People related to these pop culture figures far more than their black intellectual counterparts. Despite lacking pedigree, their fame-derived influence eclipsed the black elites. So, the elites recognized this and recruited them in their battle for equality. 

As early as the 1930’s, Alpha Phi Alpha member, singer, and athlete Paul Robeson drew the attention of the FBI for his Civil Rights stance and Communist sympathies. Black celebrities like Harry Belafonte, Aretha Franklin, and Sammy Davis Jr. heavily supported the Civil Rights Movement and Dr. King too.  

“King believed that for the movement to succeed it had to reach more than one group and [Davis] was very valuable from that standpoint,” wrote Emilie Raymond in Stars for Freedom: Hollywood, Black Celebrities and The Civil Rights Movement

In 1960, Sammy Davis Jr. enlisted fellow “Rat Pack” members Frank Sinatra and Peter Lawford to perform free of charge. They raised $250,000 for the movement that day. Seemingly, being black and famous in the 60’s made social activism obligatory. 

At Jim Brown’s 1967 ‘Cleveland Summit’, premiere black athletes like Bill Russell and Lew Alcindor rallied in support of Muhammad Ali’s fight against the draft. The image of a defiant Tommie Smith and his “Black Power Fist” symbol at the ‘68 Olympics is forever etched in our consciousness. 

After Dr. King’s assassination, Boston mayor Kevin White asked James Brown to calm the black residents. Brown addressed the city on television and the community complied. The black celebrity had arrived. 


The Civil Rights Movement is the blueprint for black activism today with a notable difference. The black elite no longer control the entertainers – corporations do. The elite didn’t understand how reliance on entertainers exposed their limited influence.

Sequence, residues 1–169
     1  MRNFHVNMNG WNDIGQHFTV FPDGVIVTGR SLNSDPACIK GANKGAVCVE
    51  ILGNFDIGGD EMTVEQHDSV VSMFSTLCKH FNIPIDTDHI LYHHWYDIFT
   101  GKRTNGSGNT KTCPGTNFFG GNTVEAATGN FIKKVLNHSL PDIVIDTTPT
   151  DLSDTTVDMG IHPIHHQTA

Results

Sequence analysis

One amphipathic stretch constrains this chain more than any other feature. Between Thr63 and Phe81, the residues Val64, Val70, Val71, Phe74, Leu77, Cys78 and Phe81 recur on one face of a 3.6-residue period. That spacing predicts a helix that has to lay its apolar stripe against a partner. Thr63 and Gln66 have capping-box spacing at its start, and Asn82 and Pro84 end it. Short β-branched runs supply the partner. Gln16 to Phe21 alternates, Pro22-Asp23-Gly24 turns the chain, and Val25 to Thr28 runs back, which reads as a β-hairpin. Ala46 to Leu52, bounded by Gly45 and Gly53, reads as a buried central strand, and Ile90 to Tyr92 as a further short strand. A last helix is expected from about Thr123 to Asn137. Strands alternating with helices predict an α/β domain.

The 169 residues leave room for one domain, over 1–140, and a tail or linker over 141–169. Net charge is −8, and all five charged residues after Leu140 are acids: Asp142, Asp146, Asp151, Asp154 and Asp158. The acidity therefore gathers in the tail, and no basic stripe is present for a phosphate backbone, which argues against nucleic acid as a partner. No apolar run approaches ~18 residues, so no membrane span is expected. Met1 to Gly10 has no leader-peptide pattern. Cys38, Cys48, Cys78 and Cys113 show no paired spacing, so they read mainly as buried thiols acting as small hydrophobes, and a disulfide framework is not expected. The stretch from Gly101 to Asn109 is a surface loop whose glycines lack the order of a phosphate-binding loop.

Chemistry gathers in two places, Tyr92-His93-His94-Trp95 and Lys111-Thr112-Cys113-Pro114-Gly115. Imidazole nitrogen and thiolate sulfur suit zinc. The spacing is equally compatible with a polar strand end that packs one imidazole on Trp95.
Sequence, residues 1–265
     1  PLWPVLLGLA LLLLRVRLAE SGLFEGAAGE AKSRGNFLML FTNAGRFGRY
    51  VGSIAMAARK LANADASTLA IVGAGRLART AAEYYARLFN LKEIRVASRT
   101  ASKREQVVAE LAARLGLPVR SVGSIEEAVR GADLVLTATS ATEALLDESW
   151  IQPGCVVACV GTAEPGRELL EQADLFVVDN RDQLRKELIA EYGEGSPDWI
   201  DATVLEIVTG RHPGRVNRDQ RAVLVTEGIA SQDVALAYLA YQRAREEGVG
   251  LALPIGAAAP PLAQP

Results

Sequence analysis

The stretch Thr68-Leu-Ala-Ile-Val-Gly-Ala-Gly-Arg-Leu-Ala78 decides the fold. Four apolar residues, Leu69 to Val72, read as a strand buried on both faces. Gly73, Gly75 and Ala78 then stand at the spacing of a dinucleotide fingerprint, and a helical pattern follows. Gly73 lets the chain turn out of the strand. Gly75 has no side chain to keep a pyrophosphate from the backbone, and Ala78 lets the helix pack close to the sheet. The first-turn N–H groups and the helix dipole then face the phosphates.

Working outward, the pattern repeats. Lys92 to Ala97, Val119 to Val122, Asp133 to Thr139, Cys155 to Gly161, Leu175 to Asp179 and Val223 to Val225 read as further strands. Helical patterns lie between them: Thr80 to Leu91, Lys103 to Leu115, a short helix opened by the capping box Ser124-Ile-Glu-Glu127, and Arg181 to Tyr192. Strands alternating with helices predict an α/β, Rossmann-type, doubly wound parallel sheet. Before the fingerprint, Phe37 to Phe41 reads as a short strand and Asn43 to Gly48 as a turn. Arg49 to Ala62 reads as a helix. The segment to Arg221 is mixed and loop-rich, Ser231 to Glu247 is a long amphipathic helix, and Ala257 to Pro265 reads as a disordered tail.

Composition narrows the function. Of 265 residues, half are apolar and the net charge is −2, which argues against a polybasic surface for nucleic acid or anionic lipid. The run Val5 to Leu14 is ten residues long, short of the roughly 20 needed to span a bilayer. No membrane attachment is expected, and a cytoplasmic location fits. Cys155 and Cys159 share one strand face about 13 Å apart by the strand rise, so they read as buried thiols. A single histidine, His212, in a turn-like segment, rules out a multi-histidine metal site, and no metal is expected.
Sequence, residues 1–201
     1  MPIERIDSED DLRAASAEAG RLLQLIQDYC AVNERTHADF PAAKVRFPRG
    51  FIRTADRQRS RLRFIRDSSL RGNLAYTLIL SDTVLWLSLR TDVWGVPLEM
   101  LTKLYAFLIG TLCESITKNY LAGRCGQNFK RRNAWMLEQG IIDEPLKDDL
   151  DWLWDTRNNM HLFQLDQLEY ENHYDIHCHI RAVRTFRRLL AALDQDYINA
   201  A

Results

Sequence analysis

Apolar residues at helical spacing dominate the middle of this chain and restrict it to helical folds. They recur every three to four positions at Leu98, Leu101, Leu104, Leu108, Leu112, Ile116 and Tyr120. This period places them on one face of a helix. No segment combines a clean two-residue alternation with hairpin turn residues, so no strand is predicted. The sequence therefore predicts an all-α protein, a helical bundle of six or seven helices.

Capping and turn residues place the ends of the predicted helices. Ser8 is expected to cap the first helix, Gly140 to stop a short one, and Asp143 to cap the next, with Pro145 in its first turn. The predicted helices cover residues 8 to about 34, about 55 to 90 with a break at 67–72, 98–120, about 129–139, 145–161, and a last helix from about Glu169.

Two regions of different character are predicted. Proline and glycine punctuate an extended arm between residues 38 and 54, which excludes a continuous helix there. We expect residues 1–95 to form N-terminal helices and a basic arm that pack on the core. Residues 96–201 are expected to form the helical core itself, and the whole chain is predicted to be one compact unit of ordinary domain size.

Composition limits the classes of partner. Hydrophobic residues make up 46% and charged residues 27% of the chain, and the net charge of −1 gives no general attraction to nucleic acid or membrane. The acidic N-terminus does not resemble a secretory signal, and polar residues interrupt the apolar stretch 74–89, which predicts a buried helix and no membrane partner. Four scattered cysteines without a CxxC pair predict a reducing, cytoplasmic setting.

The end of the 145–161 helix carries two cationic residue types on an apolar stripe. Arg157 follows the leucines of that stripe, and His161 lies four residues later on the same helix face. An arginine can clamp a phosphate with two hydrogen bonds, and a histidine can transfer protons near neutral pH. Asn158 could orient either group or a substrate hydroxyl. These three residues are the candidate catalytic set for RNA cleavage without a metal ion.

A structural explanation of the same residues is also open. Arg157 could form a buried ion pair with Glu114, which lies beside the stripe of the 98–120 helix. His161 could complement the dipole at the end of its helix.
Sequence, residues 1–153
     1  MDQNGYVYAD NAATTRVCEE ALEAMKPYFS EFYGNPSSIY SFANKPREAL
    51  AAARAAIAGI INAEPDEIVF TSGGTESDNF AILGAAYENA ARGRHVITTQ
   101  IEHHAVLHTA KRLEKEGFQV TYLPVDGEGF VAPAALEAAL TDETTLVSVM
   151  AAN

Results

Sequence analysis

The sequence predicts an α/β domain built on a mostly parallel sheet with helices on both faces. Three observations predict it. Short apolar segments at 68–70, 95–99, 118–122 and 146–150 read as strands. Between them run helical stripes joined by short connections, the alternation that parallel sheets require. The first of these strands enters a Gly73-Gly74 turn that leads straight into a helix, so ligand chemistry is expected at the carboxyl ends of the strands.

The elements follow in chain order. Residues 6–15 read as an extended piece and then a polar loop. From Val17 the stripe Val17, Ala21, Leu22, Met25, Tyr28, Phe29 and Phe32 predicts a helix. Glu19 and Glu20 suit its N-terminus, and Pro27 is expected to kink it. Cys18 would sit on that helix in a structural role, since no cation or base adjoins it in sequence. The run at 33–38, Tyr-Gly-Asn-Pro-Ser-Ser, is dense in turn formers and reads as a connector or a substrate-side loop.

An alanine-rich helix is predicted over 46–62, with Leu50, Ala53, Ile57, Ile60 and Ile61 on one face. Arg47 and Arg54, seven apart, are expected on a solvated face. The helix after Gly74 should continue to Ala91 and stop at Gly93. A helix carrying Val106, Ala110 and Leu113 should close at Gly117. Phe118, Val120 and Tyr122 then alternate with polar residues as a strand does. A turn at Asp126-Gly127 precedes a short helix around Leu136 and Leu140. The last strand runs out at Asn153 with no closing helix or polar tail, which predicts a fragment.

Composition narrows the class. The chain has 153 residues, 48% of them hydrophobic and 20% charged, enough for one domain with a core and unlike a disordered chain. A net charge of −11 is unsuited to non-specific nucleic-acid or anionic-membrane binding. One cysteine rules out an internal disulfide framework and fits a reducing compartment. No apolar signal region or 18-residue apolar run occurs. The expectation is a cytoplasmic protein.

Their elitist mindset separated them from the only thing that made them relevant – the black community. Now we look to Jay-Z and Beyonce. 

For the elite, integration didn’t quite go as planned. In fact, it backfired on them. 

Now, when white politicians want to connect with the black community, they can go on The Breakfast Club, owned by iHeartMedia, Inc. Corporations like Nike can offer endorsement deals to activist athletes who align with their political interests. Publishers can offer book deals like the one Barack Obama or Black Lives Matter co-founder Patrisse Cullors has

What can the Boule offer? 

Self-professed Boule mascot Roland Martin spends his time arguing with people on social media. Kaepernick’s Kappa Alpha Psi frat brother, Professor Marc Lamont Hill, promotes male pregnancy and Palestinian rights wherever he has a platform. After trading financial independence for servitude, today’s black elite perpetually race to the bottom. They compete for corporate financing as political hacks and media shills. 

The Boule were once gatekeepers to the black population for the white elites. However, they never expected the same white elites bypassing them altogether. They miscalculated when they used celebrities like entertainers and sports figures. 

Meanwhile, Lebron James has a close likeness of the Boule’s lion logo tattooed across his chest. Perhaps, they concluded, if you can’t beat them, you might as well make them honorary members. 

When Cardi B interviewed Joe Biden ahead of actual journalists, it spoke volumes about how far we’ve fallen as a collective. For reference, Cardi B’s most recent hit was “WAP” (Wet Ass Pussy).  

To paraphrase Malcolm X, “These aren’t leaders. These are puppets and clowns set up over the black community by the white community…” 

The more things change the more they stay the same. Are you not entertained?


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Curtis Scoon

Editor-In-Chief | Founder

The editor-in-chief, executive producer, writer, and businessman. Curtis is active in helping the black community by employing and providing services in the Washington, DC and Detroit, MI areas.